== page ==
Hedrick on Transpac: Martha gets the jump, Allure and Hamachi take on Chaotic Weather

Bruce Hedrick Bruce's Briefs Sailboat Racing Weather

 Ed. Note: Bruce Hedrick may have retired from Northwest Yachting, but we’re lucky enough to get some reports in from his new adventures. He’s navigating the Santa Cruz 50 Allure in the Transpac, joining his brother Gregg onboard. Hedrick, like every other navigator, faces one of the more chaotic Pacific weather patterns in decades. The Port Townsend based schooner Martha started a few days ago and is currently standing 9th in Division 8, about 50 miles behind the class leader. Greg Slyngstad’s J/125 Hamachi has a stellar crew including Jonathan McKee. We’ll anxiously await Bruce’s emails and get them posted asap. He wrote the following yesterday evening.

TPweather1What a long, strange, trip, it could be. As we have repeatedly complained, the weather this year has been pretty strange. Transpac will be same, a real challenge for navigators. The high is very late in setting up, it’s not very round (not stable), and then there’s hurricane Dolores and post-tropical Enrique. Dolores is threatening to move into our route in the later part of the race and as the high moves away from the coast it’s going to take the wind with it. TPweather2Then again we have the Expedition routing software and the ability to get new GRIB files every six hours. Is that a help? Not this year. We have also subscribed to Commanders Weather and even they’ve said they’re having an interesting time trying to figure this one out. Yesterday, the routing program had us diving to the south to catch the edge of Dolores and ride that to Hawaii. Today we’re supposed to go north from LA to 33-35N and travel west along that line until we can gybe to Hawaii. A 2225 mile race becomes a 2600 mile race lasting 12 days.

We start tomorrow along with Hamachi, a J-125 with a boatload of excellent Seattle sailors aboard. Martha, the famous one, out of Port Townsend started on Monday this week and it looks like someone out of that first group of starters is going to win the overall because they’ve had great breeze the whole time and they are able to close reach along great circle route, sailing the shortest possible distance. It looks like we’ll have some wind for our start but it will be light on Friday and Saturday as we try to get west as fast as possible. The big boats, three-100 footers, and three multihulls will all start on Saturday and have to deal with a southerly as the high pulls away from the coast leaving trough of low pressure along the coast.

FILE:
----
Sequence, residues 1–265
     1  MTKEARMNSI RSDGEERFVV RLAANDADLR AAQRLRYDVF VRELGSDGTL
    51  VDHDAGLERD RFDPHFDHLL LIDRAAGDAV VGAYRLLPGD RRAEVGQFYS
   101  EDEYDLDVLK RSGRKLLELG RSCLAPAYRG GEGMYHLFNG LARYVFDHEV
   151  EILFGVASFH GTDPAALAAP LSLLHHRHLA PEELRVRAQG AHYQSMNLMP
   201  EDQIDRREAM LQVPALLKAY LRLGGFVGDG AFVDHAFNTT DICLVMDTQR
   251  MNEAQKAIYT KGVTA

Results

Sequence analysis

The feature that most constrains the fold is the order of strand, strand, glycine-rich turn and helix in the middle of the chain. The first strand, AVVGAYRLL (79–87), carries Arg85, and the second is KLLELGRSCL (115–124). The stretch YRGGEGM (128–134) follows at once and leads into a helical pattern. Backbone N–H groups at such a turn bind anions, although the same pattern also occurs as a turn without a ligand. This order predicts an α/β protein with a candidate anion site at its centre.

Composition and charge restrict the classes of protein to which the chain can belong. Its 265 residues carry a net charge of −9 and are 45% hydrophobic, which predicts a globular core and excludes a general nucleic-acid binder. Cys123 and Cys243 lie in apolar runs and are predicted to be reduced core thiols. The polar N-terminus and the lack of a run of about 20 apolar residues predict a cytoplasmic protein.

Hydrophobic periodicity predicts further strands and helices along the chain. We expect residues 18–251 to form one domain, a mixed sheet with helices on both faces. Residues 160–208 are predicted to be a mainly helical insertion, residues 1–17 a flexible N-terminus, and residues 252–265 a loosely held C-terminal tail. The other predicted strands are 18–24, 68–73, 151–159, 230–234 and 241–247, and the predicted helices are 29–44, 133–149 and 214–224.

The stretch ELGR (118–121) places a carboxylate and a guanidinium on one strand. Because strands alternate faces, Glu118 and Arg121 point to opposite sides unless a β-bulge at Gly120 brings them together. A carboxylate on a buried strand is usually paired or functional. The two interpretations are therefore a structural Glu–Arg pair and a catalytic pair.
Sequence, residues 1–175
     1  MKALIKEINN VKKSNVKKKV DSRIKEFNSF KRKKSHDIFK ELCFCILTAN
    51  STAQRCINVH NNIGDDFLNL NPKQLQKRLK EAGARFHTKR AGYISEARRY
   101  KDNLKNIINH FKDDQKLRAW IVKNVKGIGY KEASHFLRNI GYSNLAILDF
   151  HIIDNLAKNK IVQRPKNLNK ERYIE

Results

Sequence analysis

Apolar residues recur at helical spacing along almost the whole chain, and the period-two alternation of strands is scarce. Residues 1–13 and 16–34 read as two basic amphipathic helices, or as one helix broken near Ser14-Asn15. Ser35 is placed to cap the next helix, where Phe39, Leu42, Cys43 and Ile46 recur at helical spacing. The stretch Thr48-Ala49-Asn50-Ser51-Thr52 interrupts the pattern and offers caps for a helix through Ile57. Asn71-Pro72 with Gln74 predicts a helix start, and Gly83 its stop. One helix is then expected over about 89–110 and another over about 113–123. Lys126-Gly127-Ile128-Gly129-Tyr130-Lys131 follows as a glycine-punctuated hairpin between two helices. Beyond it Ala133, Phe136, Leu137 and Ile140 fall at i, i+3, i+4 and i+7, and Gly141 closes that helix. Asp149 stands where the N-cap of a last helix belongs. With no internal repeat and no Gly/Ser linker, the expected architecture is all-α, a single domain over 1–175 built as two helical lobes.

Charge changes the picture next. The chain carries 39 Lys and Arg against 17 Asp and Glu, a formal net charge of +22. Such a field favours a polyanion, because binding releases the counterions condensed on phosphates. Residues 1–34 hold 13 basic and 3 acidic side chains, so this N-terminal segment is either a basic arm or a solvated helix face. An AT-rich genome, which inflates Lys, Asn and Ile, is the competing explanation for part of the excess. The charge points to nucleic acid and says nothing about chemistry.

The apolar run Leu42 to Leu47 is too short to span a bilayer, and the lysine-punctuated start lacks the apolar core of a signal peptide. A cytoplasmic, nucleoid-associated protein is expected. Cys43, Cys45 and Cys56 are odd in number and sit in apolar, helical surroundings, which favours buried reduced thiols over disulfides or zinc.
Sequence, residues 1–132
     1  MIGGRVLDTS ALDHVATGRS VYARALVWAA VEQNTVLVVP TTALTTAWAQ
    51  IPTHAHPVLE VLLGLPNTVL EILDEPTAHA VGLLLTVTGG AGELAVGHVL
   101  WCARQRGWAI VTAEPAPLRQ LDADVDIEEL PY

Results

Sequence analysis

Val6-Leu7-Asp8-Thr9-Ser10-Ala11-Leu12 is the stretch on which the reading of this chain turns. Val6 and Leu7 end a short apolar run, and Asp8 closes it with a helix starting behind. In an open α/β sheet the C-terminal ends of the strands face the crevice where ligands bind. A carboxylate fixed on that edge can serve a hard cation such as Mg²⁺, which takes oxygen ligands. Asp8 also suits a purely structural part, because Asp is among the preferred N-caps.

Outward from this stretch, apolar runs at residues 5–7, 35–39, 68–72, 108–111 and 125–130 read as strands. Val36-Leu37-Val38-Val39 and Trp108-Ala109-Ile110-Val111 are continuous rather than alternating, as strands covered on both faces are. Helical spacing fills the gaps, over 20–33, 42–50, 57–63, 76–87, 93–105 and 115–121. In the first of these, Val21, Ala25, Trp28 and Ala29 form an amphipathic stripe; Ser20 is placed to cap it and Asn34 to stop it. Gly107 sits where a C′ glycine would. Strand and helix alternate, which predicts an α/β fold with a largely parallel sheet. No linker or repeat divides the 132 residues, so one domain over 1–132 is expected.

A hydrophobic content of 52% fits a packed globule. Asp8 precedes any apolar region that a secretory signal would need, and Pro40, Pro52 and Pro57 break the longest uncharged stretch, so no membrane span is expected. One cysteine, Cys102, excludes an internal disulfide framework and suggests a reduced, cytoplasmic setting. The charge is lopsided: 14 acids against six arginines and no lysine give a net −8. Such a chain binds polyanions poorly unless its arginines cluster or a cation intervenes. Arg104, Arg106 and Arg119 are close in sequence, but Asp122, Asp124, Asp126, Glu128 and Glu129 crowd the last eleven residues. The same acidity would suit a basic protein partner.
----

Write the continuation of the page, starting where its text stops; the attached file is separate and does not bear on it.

After that it’s going to get really interesting as there will be more pressure to the north and less wind along a much longer band to the south. Very, very untypical conditions for a TransPac.

You can track us on www.TransPacYC.com on the Yellow Brick tracker program which while it may be six hours delayed won’t make a lot of difference. I will also be sending updates, maybe not daily, but fairly often to www.NWYachting.com . No pics, just text updates.

 

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Bruce Hedrick

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Bruce has raced and cruised the Pacific Northwest his entire life. He earned a Bachelor's of Science from the University of Washington in Biological Oceanography and learned meteorology "to keep from getting kicked around on the race course." <a href="https://www.nwyachting.com/wp-content/uploads/2014/10/Brucekh.jpg"><img class="alignright wp-image-5597 size-medium" src="https://www.nwyachting.com/wp-content/uploads/2014/10/Brucekh-300x224.jpg" alt="Brucekh" width="300" height="224" /></a>Bruce spent nearly two decades as Associate Publisher for Northwest Yachting Magazine, retiring in mid-2015, and was the chairman of the board of trustees for the Northwest Marine Trade Association in 2014.

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